According to court testimony by the Royal Newfoundland Constabulary (RNC), an accident in which a car veered into a crew of road workers on a St. John’s highway was largely due to a lack of road signs in the area before the work zone.
The accident occurred about three years ago, on July 5, 2011. about 1 PM, as a work crew from the city of St. John’s, the Newfoundland Department of Transportation and Works (DTW) and Irving Oil Co. assembled on a portion of the TransCanada Highway to inspect the roadway for premature erosion. It was then that the driver of an SUV swerved to avoid crashing into the vehicle in front of him, then lost control of his vehicle and slammed into three road workers, one of whom died.
For the accident, the City of St. John’s and DTW are each facing seven charges for violations of the provincial Occupational Health and Safety Act, while Irving oil faced six counts. And in open court, RNC Constable Barry Osmond, who is the lead police investigator, testified that there was nothing on the road warning drivers that they should be aware of road workers road or that they should slow down. He also noted that, of the nine workers at the worksite, only three were wearing high visibility gear, including one of the workers who was hit. There was no signage before the worksite; the only warning available to oncoming traffic that the worksite even existed was a small amber light on top of one DTW vehicle. He cited all of these are significant factors that led to the accident.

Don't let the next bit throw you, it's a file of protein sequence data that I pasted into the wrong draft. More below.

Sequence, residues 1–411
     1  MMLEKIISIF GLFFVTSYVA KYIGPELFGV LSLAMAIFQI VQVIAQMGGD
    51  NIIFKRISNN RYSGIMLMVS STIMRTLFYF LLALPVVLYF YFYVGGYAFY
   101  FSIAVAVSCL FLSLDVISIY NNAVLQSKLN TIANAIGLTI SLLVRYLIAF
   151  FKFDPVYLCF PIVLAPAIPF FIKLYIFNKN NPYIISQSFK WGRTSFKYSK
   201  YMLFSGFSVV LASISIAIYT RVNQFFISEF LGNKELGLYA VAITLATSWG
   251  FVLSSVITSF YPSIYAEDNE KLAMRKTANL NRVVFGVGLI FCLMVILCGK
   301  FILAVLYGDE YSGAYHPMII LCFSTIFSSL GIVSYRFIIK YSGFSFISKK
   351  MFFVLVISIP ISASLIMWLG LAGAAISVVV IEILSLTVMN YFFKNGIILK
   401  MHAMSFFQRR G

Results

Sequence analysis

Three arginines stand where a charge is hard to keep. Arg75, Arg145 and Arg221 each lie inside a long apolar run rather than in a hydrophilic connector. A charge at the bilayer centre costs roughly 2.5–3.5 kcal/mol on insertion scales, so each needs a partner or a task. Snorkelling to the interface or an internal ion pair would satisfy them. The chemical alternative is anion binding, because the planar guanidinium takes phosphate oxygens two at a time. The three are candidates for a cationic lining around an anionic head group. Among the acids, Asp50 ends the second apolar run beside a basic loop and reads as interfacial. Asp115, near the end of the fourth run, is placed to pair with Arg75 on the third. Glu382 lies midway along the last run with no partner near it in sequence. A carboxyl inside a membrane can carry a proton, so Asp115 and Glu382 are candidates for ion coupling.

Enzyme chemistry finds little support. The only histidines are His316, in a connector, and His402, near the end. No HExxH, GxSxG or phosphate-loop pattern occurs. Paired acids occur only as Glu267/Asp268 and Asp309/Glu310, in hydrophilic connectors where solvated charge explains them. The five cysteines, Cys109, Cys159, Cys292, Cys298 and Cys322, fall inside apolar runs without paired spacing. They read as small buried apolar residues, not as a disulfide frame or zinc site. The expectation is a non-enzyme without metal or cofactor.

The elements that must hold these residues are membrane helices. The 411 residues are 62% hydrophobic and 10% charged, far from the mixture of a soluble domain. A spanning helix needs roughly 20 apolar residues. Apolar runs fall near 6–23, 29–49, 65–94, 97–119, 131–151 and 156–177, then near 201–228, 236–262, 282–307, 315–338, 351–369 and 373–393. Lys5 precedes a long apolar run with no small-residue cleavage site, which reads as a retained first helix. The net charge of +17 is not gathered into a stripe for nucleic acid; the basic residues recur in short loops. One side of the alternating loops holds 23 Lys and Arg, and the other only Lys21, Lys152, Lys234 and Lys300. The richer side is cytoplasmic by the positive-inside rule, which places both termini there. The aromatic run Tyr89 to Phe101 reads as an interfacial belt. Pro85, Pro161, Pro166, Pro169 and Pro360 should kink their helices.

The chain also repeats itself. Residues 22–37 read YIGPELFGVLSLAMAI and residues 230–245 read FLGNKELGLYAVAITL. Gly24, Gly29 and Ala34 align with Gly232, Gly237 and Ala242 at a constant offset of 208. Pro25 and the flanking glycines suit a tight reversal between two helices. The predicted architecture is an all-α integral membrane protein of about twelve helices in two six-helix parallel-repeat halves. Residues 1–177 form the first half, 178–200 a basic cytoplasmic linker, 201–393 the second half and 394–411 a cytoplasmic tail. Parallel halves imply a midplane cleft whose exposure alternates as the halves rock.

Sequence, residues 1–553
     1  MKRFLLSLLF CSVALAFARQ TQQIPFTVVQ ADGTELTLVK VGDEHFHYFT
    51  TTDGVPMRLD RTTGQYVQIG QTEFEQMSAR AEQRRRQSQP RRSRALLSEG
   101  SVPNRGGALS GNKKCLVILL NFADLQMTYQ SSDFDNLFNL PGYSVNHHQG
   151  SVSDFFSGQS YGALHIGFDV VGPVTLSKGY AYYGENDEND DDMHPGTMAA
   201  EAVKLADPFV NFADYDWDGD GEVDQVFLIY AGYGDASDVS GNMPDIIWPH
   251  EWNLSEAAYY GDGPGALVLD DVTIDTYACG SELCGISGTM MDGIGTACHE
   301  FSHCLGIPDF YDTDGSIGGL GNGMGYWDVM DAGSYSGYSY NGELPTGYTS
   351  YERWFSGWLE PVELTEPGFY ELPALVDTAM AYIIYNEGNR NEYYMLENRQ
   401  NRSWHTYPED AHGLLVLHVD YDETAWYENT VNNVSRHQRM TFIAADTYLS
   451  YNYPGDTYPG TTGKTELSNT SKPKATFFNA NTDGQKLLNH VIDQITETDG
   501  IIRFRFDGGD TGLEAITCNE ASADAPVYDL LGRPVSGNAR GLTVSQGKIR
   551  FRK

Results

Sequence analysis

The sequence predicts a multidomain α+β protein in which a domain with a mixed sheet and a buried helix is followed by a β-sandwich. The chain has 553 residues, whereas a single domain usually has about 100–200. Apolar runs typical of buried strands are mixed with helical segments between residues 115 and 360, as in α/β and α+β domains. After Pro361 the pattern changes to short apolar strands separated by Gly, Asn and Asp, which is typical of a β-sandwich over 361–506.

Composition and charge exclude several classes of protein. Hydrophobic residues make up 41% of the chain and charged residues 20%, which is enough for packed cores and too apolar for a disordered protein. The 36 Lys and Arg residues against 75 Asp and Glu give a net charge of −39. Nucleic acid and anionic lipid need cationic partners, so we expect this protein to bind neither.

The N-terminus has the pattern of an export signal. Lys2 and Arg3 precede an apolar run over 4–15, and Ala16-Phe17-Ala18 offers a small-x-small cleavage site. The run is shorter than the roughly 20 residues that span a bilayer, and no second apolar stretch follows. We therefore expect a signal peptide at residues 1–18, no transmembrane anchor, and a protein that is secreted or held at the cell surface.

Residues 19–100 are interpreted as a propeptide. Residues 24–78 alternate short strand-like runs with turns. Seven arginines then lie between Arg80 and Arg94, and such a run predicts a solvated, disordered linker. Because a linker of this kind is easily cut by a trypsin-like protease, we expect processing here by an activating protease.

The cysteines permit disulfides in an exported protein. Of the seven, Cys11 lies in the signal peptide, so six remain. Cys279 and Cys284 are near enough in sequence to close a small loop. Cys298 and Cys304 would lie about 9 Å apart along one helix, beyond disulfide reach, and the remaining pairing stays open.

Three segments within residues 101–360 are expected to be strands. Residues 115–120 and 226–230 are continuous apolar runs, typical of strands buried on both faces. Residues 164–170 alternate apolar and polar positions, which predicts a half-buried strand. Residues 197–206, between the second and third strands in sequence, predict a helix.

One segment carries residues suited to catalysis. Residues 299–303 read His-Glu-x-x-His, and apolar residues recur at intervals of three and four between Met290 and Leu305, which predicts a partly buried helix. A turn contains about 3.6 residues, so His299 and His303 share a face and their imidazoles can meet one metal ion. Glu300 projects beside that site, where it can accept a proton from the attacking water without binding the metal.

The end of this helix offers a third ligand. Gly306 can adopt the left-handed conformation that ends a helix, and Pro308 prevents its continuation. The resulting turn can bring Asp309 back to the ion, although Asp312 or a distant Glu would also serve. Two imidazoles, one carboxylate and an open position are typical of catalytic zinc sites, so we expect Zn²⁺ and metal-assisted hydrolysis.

The driver of the SUV was inexperienced, having only been licenced for three months at the time, but he is not facing any charges, and the Constable felt he was not at fault in the accident, in part because of the lack of evidence of any distractions or that he did anything wrong. He said that, based on the evidence, drivers were coming up on these vehicles stopped on the road, and one of them slow down, causing a bit of a chain reaction.